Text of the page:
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SQL Server Concatenate

String Concatenation

There are many uses for building strings within an expression. Strings are built to represent a SQL statement that can be executed against a database, to provide information in the body of an e-mail message, or to build file paths for file processing. Building strings is a core task that you have to be able to do for any development effort. In SSIS the concatenation operator is the plus (+) sign. Here is an example that you can quickly put together in the Expression Builder and test:

“The Server [” + LOWER( @[System::MachineName]) + “] is running this package”

This returns the following string:

The Server [myserver] is running this package

If you need to build a string for a file path, use the concatenation operator to build the fully qualified path with the addition of an escape character to add the backslashes. Later in this Using Variables, Parameters, and Expressions Topic, the section “String Literals” covers all the common escape characters that you’ll need for string building. A file path expression would look like this:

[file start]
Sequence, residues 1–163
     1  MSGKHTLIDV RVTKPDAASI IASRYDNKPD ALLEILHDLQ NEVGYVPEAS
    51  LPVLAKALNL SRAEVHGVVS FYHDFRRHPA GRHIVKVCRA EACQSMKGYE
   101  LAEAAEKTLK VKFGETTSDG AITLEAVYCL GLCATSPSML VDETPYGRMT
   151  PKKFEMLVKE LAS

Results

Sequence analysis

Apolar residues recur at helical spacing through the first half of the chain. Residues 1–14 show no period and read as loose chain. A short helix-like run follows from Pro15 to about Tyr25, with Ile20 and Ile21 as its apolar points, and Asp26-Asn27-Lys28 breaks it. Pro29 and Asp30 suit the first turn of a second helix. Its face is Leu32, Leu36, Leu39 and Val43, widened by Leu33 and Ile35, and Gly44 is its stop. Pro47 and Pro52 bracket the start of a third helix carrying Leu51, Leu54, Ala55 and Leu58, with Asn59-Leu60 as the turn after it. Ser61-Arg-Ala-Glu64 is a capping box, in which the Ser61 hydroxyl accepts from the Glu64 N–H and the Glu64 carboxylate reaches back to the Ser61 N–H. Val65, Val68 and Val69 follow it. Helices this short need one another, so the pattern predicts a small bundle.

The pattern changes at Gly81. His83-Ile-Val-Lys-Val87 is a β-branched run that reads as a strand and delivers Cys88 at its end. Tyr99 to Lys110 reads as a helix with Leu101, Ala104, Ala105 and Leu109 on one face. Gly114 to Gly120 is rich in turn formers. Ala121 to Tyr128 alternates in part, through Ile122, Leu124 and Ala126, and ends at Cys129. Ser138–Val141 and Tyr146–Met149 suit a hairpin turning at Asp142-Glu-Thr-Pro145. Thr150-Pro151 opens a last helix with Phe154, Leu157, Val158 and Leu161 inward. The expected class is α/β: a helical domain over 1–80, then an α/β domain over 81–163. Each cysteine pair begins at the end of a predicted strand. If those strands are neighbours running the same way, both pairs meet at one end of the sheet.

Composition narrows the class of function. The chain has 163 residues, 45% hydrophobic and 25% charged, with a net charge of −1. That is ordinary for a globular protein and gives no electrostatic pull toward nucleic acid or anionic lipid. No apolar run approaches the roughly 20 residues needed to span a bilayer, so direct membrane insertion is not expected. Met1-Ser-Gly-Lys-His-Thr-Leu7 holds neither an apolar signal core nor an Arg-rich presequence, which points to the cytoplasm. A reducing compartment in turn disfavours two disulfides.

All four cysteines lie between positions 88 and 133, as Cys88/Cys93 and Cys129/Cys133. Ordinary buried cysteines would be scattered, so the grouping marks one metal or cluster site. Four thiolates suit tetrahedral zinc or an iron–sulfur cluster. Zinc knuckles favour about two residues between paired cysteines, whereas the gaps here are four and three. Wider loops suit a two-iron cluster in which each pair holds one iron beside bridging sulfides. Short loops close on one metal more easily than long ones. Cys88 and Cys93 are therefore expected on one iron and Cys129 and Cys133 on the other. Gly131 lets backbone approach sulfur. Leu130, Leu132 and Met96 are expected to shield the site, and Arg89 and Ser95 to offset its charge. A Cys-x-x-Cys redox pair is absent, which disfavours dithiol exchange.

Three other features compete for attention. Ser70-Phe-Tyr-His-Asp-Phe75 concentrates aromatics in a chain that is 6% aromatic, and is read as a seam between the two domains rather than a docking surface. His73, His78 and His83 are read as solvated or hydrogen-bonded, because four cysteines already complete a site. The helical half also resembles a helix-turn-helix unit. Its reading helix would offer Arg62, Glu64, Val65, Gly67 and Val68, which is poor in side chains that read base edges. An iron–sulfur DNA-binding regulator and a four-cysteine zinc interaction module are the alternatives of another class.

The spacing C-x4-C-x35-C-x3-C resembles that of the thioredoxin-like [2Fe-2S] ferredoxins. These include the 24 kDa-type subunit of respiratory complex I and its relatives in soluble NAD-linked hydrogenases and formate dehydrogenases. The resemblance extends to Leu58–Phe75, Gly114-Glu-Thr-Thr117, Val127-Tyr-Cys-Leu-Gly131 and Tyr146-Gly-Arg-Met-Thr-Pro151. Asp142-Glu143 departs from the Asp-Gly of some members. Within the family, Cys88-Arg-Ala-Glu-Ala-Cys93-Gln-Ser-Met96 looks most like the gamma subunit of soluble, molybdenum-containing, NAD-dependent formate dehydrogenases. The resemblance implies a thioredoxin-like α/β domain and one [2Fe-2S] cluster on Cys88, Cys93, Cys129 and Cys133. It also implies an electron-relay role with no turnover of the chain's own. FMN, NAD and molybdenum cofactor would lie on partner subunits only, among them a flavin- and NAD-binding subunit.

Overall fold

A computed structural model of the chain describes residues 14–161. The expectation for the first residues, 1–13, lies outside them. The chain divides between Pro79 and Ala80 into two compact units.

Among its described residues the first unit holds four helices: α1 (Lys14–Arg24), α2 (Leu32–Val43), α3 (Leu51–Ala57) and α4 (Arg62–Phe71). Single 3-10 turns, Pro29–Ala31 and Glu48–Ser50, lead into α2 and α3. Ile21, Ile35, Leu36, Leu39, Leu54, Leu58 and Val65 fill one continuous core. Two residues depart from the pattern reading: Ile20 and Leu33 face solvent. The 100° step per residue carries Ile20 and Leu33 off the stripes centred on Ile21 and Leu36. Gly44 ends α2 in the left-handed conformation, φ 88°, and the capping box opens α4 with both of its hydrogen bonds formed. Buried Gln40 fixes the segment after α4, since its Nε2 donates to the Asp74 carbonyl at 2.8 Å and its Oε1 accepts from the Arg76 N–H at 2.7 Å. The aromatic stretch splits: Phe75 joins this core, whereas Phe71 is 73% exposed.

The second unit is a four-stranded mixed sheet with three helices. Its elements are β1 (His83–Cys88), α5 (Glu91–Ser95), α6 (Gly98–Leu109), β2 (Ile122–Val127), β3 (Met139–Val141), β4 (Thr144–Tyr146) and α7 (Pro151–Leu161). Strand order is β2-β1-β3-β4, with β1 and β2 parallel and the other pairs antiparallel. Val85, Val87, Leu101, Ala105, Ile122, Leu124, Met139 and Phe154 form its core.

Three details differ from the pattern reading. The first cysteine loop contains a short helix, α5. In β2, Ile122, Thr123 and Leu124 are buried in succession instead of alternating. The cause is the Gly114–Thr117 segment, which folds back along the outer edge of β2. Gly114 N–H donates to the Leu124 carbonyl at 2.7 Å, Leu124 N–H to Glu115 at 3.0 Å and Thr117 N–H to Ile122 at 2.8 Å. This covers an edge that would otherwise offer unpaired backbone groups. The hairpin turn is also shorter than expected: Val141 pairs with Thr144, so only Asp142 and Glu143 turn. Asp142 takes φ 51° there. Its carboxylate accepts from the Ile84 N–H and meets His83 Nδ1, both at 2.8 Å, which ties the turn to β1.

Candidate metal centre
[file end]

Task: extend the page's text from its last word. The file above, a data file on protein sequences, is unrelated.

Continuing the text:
“c:\\mysourcefiles\\” + @myFolder + “\\” + @myFile

Note that strings are built using double quotes (“”), not single quotes (”) as you might see in T-SQL; it’s important to ensure that the strings are all Unicode or all non-Unicode. A previous limitation of 4,000 characters for an expression has been removed from Integration Services. Feel free to make strings as long as you desire!

Line Continuation

There are two reasons to use line continuation characters in SSIS expressions. One is to make the expression easier to troubleshoot later, and the other is to format output for e-mail or diagnostic use. Unfortunately, the expression language does not support the use of comments, but you can use the hard returns to help the expression look more organized. In the Expression Builder, simply press the Enter key to have your expression displayed with the carriage-return-line-feed character sequence. This formatting is maintained even after you save the expression. To format output of the expression language, use the C-like escape character \n. Here’s an example of using it with a simple expression:

“My Line breaks here\nAnd then here\n; )”

This returns the following string:

My Line breaks here
And then here
; )

Note that it is not necessary to show the expression in code form in one line. An expression can be written on multiple lines to clarify viewing of it at design time. The output would remain the same.


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